Some of the principals take a little while to warm up, and there are occasional issues regarding balance between orchestra and performers. Overall, however, both the singing and Peter Robinson’s conducting are strong and any minor problems on opening night may well be smoothed out in subsequent performances. Anne Sophie Duprels provides a deeply involving portrayal of Zazà. It is by no means an easy role as a significant amount of it sits relatively low in the voice, but as the evening progresses she conquers all of its challenges with increasing ease while bringing an immense weight of emotion to bear in her voice. Her final lengthy scene with Joel Montero’s Milio is extremely powerful as he also sings at the height of his game, bringing his expansive and aesthetically pleasing tenor to the fore. As Cascart, Richard Burkhard is a model of consistency from the outset displaying his strong and secure baritone to excellent effect. Several other performances stand out from among the large cast including Ellie Edmonds’ Natalia, Louise Winter’s Anaide (Zazà’s alcoholic mother), and James Cleverton’s Bussy.
It is interesting how in terms of the story Zazà seems to resemble Madama Butterfly, which premiered four years later,although the book it is based on was published in 1898. Both works concern a woman who sacrifices her man because she has to put the interests of a wider family above her own. There are still differences including the fact that Zazà does not die, makes more of an active decision perhaps to stand aside (although even if she had not she would probably have been forced to do so), and does not have to lose her own child to make up this family. In addition, no matter how one views Milio, he does not seem quite as callous as Pinkerton, who displays a casual attitude towards his marriage to Cio-Cio-San from the outset. On the contrary, he shows great self-awareness by initially proclaiming that he would not wish to meet someone like Zazà through fear that he might find himself all consumed by her.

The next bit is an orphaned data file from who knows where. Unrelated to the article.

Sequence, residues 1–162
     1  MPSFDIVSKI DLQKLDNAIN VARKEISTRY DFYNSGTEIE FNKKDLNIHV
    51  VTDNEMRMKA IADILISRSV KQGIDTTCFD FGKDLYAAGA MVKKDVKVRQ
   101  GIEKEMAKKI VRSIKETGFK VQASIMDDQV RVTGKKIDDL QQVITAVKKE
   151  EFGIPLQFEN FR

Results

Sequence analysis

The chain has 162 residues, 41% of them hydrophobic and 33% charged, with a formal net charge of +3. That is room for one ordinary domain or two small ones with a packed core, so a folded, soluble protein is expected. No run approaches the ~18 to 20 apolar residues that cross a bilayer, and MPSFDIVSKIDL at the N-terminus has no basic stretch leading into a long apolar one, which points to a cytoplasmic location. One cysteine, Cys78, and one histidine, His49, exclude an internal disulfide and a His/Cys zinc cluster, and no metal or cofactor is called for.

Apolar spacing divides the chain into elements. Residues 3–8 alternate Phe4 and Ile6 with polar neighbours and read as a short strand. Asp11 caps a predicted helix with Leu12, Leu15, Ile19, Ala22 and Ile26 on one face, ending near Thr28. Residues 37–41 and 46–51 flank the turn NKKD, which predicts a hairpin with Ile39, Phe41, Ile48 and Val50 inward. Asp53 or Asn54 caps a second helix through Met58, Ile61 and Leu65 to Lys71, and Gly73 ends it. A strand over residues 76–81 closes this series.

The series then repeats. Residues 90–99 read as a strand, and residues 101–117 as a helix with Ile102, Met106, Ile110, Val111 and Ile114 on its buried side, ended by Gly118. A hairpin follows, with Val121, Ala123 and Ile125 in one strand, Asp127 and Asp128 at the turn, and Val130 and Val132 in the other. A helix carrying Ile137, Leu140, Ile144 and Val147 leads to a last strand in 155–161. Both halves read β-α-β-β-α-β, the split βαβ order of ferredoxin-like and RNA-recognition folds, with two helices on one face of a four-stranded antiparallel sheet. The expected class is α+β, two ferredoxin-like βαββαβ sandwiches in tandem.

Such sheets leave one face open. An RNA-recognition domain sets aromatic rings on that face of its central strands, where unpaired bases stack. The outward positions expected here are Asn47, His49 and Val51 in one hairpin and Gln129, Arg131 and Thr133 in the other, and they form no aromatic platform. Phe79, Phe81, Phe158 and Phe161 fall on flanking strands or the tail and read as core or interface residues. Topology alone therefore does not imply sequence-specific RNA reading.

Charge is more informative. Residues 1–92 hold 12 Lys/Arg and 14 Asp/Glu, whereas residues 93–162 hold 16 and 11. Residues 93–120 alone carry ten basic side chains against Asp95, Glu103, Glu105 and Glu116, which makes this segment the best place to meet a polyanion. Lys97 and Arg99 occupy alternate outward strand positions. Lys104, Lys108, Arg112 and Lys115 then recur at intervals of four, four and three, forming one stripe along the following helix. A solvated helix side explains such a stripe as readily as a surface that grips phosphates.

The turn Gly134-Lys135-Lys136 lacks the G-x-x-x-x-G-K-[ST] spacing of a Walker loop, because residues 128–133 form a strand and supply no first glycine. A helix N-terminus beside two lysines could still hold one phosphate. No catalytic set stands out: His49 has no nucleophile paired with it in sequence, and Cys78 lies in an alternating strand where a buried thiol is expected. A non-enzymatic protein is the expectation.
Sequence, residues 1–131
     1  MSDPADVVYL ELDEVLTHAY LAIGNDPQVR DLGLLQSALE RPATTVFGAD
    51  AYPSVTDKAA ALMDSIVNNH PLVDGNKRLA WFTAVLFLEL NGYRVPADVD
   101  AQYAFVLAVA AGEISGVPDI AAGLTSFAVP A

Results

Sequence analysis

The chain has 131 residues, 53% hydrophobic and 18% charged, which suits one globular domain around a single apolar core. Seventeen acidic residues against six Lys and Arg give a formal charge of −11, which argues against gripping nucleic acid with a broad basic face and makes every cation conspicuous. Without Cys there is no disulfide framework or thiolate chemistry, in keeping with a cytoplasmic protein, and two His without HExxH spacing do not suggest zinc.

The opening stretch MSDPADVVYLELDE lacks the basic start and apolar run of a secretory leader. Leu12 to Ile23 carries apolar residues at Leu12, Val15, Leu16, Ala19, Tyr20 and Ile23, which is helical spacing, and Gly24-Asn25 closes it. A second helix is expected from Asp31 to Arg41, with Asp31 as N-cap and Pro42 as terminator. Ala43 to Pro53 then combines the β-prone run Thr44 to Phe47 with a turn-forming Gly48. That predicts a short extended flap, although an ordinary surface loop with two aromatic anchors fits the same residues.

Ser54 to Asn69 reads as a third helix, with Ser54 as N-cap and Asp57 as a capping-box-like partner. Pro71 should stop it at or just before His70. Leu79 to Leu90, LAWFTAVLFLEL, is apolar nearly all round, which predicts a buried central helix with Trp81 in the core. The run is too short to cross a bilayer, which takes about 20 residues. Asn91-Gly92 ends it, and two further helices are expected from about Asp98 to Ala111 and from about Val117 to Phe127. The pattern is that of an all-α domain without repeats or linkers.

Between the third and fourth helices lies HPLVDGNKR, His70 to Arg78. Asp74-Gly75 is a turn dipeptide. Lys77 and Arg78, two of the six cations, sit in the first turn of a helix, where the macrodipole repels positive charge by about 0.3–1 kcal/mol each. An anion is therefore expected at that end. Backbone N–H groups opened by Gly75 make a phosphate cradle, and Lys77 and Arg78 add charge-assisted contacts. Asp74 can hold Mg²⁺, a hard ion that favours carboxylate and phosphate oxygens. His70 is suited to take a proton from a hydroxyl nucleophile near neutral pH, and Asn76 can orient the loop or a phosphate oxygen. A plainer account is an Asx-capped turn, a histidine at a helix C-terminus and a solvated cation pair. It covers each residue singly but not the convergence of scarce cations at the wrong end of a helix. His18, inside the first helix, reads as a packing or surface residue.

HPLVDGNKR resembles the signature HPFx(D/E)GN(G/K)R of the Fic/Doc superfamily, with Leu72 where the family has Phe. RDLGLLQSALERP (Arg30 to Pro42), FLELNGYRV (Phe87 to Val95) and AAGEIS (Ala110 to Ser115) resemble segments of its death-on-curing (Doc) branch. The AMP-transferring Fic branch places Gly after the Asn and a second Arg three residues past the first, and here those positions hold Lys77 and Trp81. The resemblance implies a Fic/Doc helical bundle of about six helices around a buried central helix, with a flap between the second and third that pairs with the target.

Nevertheless, when in Act IV Zazà and Natalia gaze outwards at a moment when all seems lost, and then spot Milio approaching with the music changing to offer them just a glimmer of hope, it feels very much like Cio-Cio-San and Suzuki spying Pinkerton’s ship approaching. Similarly, Cascart takes on a Sharpless-style role in appealing to Zazà to see reason and abandon all hope of happiness with Milio. The parallels are certainly not lost on Lambert who at the end has dressers put Zazà into a costume. This signifies her decision to try to forget Milio and resume her music hall career, but it makes her look a little like a stylised Madama Butterfly.
On opening night heavy rain came pouring down ten minutes before the end, with the sound of it pelting against the tented auditorium providing a formidable barrier for Duprels and Montero to overcome during some frequently quiet moments. However, it worked rather well in that the heavens seemed to come crashing down, as they do for Zazà, at exactly the moment at which she tells him to go back to his wife in the knowledge that his relationship with her has not been disturbed.
Opera Holland Park’s 2017 season runs until 29 July, with a week of film screenings following this. There is also a performance of Verdi’s Requiem on 1 August in aid of the Rugby Portobello Trust in order to help the community following the Grenfell Fire. For details of this and all events visit the Opera Holland Park website.